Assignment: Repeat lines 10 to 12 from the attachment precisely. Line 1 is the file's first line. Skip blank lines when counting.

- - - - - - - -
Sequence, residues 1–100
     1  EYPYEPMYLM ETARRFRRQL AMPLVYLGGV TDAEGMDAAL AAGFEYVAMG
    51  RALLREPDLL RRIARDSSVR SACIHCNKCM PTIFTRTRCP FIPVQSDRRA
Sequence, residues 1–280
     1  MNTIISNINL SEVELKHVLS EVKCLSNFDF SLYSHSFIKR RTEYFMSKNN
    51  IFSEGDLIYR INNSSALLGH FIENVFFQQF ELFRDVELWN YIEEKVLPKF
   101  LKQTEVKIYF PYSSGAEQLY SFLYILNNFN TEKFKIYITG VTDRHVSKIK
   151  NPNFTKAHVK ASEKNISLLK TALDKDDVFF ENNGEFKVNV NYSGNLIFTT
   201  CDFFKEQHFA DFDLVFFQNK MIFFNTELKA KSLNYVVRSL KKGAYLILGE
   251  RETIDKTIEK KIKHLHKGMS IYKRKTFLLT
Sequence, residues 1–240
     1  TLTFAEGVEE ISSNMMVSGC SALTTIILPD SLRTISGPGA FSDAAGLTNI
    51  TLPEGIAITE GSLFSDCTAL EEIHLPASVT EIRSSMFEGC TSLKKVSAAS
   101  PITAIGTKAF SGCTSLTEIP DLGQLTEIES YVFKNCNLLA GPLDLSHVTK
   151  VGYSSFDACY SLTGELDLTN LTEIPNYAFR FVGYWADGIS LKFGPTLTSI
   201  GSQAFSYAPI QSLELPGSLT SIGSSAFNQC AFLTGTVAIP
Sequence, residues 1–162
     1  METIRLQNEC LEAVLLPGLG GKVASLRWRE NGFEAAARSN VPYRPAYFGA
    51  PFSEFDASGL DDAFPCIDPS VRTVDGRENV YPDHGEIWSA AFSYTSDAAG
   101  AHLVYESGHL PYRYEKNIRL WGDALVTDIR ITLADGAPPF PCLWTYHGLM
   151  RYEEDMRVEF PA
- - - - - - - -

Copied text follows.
   251  RETIDKTIEK KIKHLHKGMS IYKRKTFLLT
Sequence, residues 1–240
     1  TLTFAEGVEE ISSNMMVSGC SALTTIILPD SLRTISGPGA FSDAAGLTNI